Green Party Leader Elizabeth May has invoked a late Liberal MP's last words to the House of Commons to pressure the prime minister to do more to confront the threat of climate change.
May rose in question period Wednesday on the heels of a report from the federal environment watchdog that warned Canada is woefully unprepared for the storms, floods, and fires expected to result from climate change.
She quoted the final remarks of Arnold Chan, the Toronto MP who died of cancer last month. Chan's speech was read into the record by his Liberal colleague Mark Holland just days before his funeral.
"It is imperative that we stop treating climate change as solely an environmental issue, but recognize it as an all-encompassing priority that we as a society and a government must confront with the utmost urgency," she said, using Chan's words.
Yet May said the report from Environment Commissioner Julie Gelfand, released Tuesday, makes plain what most already know.
"We're not there. We're not acting with urgency. We're not acting," May said.
She urged Trudeau to "commit to a re-set" that would seriously reduce emissions.
We're not there. We're not acting with urgency. We're not acting.Elizabeth May
Trudeau instead touted how, a year ago this week, he took the step of announcing a pan-Canadian price on carbon pollution.
"This is the kind of leadership that we never saw from a previous government. We know there is a lot more to do but we continue to work diligently on protecting the environment and growing the economy together in ways that will benefit future generations."
The Trudeau government is phasing in a carbon price of $10 per tonne in 2018 that will rise by $10 per tonne until it hits $50 per tonne in 2022. Conservative Leader Andrew Scheer has claimed the tax will "raise the cost of everything" and make Canadian businesses less competitive.
Chan's last speech lauded both May and Environment Minister Catherine McKenna for their leadership on what he called one of the great "existential threats" facing his children's generation.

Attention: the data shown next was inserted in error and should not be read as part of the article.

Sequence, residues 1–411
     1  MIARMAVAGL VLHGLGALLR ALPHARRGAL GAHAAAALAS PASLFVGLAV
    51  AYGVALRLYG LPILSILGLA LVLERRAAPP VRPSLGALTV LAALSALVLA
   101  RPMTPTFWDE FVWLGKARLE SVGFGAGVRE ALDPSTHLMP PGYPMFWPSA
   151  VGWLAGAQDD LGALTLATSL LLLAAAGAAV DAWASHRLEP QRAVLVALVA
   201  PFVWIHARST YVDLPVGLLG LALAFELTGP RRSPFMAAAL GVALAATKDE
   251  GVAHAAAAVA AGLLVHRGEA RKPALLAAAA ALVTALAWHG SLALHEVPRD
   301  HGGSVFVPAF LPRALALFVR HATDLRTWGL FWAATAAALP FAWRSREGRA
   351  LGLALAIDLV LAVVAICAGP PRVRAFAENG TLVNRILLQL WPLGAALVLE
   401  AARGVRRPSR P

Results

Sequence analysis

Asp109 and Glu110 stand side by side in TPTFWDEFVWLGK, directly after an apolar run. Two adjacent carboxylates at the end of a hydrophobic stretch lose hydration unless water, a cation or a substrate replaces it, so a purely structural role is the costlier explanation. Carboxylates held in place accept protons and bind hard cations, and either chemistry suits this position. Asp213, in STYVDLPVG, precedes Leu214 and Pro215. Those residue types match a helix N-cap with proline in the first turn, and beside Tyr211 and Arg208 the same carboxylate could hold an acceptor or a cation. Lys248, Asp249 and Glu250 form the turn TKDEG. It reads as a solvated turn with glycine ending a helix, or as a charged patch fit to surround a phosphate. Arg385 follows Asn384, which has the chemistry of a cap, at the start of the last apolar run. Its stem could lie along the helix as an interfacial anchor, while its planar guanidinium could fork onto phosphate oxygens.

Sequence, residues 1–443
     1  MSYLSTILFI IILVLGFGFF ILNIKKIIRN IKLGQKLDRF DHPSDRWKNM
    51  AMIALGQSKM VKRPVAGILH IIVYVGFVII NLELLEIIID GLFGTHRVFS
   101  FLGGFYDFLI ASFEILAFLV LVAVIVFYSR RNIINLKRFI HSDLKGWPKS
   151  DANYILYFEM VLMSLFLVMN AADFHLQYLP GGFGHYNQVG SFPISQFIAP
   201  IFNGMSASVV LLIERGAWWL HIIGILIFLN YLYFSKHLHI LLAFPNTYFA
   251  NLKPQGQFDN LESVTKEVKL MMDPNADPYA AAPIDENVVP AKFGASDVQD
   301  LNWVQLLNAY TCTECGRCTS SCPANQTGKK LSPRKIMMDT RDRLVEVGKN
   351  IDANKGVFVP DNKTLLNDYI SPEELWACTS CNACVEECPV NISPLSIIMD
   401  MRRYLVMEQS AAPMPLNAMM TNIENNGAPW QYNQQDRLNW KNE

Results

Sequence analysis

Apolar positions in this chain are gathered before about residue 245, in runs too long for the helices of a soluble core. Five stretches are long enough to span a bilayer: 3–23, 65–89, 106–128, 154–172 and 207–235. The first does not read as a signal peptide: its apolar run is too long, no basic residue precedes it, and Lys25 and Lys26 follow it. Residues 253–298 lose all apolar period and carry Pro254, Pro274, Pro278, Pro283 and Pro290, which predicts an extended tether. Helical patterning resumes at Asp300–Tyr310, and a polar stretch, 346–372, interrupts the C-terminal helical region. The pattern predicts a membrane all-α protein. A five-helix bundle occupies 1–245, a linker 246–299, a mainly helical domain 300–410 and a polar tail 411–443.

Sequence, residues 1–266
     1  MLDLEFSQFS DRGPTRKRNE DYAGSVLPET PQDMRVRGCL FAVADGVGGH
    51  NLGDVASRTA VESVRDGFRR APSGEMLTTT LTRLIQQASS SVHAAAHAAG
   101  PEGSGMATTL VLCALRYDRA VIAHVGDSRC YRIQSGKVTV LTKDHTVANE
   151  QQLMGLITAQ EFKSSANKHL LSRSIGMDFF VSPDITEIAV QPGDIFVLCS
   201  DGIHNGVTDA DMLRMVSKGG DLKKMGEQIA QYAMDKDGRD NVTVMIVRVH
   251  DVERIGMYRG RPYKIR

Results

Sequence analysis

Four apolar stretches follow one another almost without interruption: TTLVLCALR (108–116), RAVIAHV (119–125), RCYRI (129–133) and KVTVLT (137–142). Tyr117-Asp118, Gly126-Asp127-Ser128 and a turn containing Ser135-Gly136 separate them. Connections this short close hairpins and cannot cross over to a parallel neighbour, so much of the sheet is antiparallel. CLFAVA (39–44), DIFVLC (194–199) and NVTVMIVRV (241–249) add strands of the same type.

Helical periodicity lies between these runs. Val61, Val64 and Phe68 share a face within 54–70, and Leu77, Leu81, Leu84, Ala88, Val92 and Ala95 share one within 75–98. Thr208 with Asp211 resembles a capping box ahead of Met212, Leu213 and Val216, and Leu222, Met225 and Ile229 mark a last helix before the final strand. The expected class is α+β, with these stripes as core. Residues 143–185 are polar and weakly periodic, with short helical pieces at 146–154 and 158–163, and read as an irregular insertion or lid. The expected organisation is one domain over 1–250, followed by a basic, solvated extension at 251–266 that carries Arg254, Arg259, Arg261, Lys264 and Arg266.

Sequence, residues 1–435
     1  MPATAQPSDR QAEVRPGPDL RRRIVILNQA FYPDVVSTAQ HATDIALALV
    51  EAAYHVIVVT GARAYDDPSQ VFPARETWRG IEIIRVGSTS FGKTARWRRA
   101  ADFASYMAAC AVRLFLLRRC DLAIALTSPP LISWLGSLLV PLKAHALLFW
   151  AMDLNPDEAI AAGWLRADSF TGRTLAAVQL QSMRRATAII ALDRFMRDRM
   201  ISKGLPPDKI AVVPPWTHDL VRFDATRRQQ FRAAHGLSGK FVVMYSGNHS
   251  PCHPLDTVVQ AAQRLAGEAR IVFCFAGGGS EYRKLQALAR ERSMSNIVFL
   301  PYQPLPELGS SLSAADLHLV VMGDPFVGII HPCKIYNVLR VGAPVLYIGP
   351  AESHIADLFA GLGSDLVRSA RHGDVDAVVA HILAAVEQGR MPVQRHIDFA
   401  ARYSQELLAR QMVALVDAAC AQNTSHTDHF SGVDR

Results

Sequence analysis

"Climate change is not just about storms, flooding and heat. It is also about crop failure, food shortage, water scarcity, mass displacement of people, and the violent conflicts that can arise out of those situations," Chan said in his remarks.
May and New Democrats have been sharply critical of Liberals for adopting the previous Conservative government's carbon emissions targets.
Earlier in question period, NDP MP Guy Caron — who was just chosen by new leader Jagmeet Singh to pinch hit for him in the House — called Gelfand's report "devastating."
Caron noted how the watchdog found only five of the 19 federal departments that were audited have identified risks related to climate change.
Caron also criticized the government for greenlighting pipeline projects while Canada is on track to fall short of its Paris climate deal pledge to cut emissions to 523 million tonnes by 2030.
"Do the Liberals understand that when it comes to the environment, the proof is in the pudding?" he asked.
Trudeau responded that the federal government has a "concrete plan" to cut emissions for the first time in Canada's history.
"The Conservatives ignored our environmental responsibilities for 10 years. The NDP is not focused on growing the economy," Trudeau said. "We know we have to do them both together."
With files from The Canadian Press
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